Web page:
The "Gefyra" Residential Section (Hostel) gives "Gefyra" and Social Awareness Programme members whose families live in remote areas in the Peloponnese, Nafpaktia and the Ionian Islands the possibility to stay in Partra. In this way it is possible to cater to people from the greater Patra area. In addition, staying at the hostel prepares members for an independent way of life once they complete the programme.
4. Social Awareness Programme
The Social Awareness Programme is for clients who have completed the "Gefyra" stage and wish to pursue their treatment.
The Social Awareness Programme aims to:
- Further consolidate abstinence and the mindset of non-use
- Bring about gradual social participation
- Offer career guidance and facilitate employment
- Provide consolidation, empowerment, new knowledge and skills, and help create new, healthy relationships
- Consolidate the clients' self-maintenance and problem solution potential.
The Social Awareness Programme consists in three separate stages of 10 to 14 months in total. A turning point in the treatment stage of the Social Awareness Programme is client involvement in the provision of Advisory Services.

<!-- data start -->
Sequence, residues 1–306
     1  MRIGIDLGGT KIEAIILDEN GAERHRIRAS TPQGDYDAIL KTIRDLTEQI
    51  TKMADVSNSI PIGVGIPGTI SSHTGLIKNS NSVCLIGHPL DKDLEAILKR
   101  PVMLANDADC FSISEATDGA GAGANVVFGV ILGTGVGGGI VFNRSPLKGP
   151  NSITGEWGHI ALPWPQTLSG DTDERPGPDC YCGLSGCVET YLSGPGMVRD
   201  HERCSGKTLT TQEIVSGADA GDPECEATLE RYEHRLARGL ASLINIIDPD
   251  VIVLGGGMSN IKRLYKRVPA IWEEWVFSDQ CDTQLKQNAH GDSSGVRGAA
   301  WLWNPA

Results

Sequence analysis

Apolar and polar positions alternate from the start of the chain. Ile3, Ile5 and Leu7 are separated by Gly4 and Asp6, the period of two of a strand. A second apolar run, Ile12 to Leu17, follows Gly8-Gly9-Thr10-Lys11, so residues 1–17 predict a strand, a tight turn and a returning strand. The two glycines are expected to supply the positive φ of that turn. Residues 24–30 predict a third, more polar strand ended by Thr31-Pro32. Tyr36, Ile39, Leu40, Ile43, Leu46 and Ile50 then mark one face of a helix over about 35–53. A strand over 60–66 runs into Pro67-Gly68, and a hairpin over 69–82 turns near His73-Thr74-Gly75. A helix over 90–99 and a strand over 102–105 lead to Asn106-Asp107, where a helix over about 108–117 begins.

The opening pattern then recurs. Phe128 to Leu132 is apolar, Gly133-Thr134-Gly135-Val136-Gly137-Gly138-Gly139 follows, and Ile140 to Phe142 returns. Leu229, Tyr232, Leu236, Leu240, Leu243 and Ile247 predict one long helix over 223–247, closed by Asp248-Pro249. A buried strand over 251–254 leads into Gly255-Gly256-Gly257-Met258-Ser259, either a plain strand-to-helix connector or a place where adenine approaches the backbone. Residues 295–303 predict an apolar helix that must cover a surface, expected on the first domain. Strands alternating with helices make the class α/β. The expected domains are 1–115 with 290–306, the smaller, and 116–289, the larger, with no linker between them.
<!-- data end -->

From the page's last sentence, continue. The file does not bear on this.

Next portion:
5. Family Programme
This involves a user's family and relatives.
The Family Programme aims to:
- Persuade the user's family to join the Detoxification Programme together with the user
- Forge partnership and alliance ties with the treatment programme
- Change the family attitude to use
- Support the client's true coming of age and gradual independence
- Create clearly defined and frank family relationships.
The Family Programme progresses in parallel with the treatment programme. In addition, Family Programme participants are involved in awareness raising activities targeting prejudice against former users and treatment programmes. At the same time, parents of users are encouraged to join the programme.
Treatment Services Network of Patra "Gefyra"
185, Al. Ipsilantou St., 26225 Patra, Tel.: (+30)2610-279795 Fax: (+30)2610-621955, e-mail: email@example.com